THE UK Government has been urged to help a group of former soldiers - including one from Pocklington - who have been jailed in India over their involvement in an anti-piracy scheme.

Paul Towers, from Pocklington, understood to be married to Ann and a former member of the Parachute Regiment, is among six men imprisoned in squalid conditions.

Relatives have delivered a petition signed by 100,000 people to Downing Street, calling on the Prime Minister to intervene. The presentation coincided with a bail hearing for the group.

The men were working for US maritime company Advanfort providing anti-piracy protection when their ship was detained last October and they were arrested.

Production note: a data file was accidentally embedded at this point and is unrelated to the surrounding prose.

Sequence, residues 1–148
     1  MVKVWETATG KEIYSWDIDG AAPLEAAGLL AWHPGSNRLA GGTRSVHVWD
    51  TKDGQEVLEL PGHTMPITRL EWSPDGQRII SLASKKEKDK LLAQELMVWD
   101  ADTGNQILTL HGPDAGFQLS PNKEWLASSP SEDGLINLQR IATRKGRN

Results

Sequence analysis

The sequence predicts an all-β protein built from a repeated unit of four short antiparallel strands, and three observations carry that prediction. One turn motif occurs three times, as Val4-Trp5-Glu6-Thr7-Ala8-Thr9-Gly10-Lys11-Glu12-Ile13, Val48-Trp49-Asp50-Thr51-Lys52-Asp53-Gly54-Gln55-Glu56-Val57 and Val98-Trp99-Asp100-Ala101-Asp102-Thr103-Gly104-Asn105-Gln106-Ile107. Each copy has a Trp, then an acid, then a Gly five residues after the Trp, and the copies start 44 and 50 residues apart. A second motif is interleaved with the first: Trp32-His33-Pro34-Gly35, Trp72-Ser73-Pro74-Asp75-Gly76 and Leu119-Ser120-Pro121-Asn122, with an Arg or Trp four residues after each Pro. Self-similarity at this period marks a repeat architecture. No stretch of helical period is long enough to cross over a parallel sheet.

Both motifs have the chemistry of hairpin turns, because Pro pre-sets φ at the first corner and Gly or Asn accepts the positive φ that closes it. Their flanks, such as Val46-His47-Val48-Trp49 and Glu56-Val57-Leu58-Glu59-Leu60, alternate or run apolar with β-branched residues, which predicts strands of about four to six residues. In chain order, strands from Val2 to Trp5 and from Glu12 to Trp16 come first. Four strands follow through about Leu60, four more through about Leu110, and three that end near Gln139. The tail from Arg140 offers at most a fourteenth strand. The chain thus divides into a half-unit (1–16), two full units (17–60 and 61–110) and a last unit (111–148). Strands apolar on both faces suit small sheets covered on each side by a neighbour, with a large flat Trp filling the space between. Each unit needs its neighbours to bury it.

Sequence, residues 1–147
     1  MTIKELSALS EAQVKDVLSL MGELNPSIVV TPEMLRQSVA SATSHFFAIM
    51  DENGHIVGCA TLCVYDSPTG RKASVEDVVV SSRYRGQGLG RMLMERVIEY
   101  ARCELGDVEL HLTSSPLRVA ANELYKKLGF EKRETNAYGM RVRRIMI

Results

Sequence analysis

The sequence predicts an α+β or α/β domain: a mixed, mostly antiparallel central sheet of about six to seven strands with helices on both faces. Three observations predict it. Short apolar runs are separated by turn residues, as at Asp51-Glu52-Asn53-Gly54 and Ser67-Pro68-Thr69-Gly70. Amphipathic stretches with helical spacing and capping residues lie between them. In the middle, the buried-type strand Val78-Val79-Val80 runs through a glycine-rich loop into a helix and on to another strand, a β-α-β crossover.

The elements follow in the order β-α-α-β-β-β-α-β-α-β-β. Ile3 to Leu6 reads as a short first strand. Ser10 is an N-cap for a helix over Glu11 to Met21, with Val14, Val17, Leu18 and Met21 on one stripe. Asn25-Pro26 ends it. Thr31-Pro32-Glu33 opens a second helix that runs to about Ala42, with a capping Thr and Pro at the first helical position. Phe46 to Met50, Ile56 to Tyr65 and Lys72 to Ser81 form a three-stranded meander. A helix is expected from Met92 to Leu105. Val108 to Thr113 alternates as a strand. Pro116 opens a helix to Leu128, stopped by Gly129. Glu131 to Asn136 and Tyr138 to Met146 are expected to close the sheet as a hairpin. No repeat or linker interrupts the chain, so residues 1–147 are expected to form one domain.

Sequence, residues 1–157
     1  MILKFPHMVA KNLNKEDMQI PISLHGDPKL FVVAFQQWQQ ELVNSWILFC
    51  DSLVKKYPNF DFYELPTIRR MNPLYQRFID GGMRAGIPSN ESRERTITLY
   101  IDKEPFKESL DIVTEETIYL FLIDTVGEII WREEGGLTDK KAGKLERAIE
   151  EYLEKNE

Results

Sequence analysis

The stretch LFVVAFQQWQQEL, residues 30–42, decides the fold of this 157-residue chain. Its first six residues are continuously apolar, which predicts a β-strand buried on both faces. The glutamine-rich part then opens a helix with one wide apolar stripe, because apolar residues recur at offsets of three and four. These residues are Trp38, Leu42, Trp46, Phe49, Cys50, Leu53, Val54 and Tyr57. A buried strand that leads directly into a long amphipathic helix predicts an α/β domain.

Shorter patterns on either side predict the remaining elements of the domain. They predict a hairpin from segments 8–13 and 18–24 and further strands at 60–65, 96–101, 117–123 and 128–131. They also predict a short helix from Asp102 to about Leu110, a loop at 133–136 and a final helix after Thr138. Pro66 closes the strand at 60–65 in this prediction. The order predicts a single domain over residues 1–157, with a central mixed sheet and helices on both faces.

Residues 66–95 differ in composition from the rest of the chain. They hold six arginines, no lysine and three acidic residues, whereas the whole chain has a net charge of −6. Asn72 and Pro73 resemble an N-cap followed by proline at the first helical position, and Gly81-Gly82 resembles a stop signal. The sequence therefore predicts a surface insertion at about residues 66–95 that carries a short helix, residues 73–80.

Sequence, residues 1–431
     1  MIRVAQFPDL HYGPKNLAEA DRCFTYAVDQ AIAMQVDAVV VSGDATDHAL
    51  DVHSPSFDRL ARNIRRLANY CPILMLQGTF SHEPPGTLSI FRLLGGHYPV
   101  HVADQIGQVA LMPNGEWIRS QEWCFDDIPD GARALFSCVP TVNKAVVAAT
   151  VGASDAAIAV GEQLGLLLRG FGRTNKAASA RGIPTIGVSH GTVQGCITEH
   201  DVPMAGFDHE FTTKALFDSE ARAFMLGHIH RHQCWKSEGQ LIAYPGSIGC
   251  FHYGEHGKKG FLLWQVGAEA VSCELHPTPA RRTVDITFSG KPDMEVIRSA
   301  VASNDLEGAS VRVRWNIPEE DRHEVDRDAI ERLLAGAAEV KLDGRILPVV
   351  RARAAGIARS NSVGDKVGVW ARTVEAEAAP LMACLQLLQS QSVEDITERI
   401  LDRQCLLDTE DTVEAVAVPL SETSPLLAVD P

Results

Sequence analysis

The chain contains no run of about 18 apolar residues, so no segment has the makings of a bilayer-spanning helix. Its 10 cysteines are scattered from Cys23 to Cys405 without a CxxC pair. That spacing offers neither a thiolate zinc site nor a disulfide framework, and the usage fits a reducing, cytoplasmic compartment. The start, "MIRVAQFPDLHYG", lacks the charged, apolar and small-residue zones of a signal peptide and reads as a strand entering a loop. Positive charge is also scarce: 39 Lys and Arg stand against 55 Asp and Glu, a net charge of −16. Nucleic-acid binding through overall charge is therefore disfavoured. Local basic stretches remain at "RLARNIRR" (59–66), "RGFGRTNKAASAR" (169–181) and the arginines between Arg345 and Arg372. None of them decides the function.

The Indian authorities are said to have claimed that their vessel entered Indian waters illegally with weapons on board, despite Advanfort insisting the ship had the correct papers. The men have been granted bail but have not yet been released. Supporters claim they have lost weight, look exhausted and have lost hope of ever being released.

The supporters said that with very little communication from lawyers and the company, the men had no idea what was going on with their case but if the UK Government gave them surety, they would be released and allowed home.

The Foreign Office had said that the “difficult and important” case had been raised by the Prime Minister and Foreign Secretary with Indian ministers, and the Government would continue to do all that it could.